EEOC Proposes Revised Affirmative Action Rules for Federal Agencies and their Obligations to Disabled Employees
The EEOC recently published a Notice of Proposed Rulemaking clarifying federal agencies’ affirmative action obligations under Section 501 of the Rehabilitation Act of 1973. Section 501 requires federal agencies to establish an affirmative action program (AAP) for the hiring, placement, and advancement of individuals with disabilities. Significantly, the EEOC aims to set affirmative action goals for federal agencies whereas currently agencies set their own goals.
Under the proposed rule, agencies would submit plans that must meet certain criteria. Agencies must strive to have a 12% representation of people with disabilities, and a 2% representation rate for people with targeted/severe disabilities. Additionally, unless it would impose undue hardship on an agency, agencies must provide personal assistance to disabled employees that require assistance to be at work or travel for work.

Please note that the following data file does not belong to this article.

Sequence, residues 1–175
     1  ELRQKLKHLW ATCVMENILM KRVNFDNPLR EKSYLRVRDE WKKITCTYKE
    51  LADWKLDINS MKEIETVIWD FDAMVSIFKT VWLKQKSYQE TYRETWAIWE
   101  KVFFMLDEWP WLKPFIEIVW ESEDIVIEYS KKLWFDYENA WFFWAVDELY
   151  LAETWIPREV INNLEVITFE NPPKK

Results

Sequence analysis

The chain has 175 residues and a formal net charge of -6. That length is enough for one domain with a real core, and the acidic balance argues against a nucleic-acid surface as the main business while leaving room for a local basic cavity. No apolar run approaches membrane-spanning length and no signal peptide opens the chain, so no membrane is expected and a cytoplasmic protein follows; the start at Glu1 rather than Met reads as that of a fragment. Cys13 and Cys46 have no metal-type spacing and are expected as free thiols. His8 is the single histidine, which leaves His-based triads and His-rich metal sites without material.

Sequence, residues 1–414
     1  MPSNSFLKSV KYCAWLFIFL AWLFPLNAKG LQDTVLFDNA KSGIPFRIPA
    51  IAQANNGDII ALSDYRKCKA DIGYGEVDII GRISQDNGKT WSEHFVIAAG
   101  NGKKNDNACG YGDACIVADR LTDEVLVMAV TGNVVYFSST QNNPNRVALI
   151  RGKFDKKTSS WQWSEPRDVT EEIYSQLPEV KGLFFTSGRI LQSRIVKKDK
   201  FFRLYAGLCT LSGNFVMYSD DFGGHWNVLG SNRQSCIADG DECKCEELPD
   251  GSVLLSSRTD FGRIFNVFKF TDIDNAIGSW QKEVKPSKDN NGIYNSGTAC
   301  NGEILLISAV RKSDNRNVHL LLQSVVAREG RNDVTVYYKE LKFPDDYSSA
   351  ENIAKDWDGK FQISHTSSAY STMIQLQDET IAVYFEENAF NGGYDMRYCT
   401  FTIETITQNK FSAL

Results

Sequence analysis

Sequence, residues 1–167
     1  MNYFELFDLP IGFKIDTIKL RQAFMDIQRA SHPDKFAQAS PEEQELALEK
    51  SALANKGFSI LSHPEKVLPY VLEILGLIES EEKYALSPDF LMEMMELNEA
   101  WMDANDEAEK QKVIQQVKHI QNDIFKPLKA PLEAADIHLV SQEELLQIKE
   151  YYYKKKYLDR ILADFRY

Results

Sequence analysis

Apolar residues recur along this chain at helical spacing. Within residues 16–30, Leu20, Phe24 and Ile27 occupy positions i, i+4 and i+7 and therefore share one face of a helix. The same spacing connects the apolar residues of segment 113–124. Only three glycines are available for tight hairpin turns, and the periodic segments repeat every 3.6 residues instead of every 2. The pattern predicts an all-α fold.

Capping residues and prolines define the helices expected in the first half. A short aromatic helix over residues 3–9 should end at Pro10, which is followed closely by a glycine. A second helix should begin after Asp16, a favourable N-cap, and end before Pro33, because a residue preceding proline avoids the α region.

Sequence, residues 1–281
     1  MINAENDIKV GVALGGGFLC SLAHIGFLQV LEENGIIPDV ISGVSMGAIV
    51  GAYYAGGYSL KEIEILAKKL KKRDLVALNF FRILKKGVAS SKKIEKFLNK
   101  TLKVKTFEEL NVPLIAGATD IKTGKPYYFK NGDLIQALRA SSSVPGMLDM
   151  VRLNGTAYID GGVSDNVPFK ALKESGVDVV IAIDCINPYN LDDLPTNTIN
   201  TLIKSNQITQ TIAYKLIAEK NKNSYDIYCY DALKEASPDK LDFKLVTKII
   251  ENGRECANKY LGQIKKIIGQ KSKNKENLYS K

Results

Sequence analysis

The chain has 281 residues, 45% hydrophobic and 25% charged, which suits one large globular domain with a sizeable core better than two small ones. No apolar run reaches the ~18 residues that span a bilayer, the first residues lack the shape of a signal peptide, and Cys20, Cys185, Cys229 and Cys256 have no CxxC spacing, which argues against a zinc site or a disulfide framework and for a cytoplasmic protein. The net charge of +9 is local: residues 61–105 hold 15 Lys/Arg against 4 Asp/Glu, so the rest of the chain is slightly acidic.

Current regulations merely provide that federal agencies should be a model employer of individuals with disabilities. Further guidelines are set forth in various Executive Orders, Management Directives, and sub-regulatory documents, so this proposed rule would consolidate a variety of sources’ information to which federal agencies could refer.
The Commission has invited members of the public to comment on the proposed rule through April 25, 2016. After April 25, the Committee will likely revise the rule as necessary then submit a final rule to the Office of Management and Budget for coordination. Ultimately, the rule will be published in the Federal Register.
Although this rulemaking only applies to federal agencies, it certainly provides insight to the EEOC’s disabilities agenda. Employers with AAPs need to look at how, if at all, the plan addresses disabled workers and whether it needs to. For employers who do not have affirmative action obligations, this is a reminder that the EEOC has made disability claims a priority and may take a closer look at charges raising those allegations.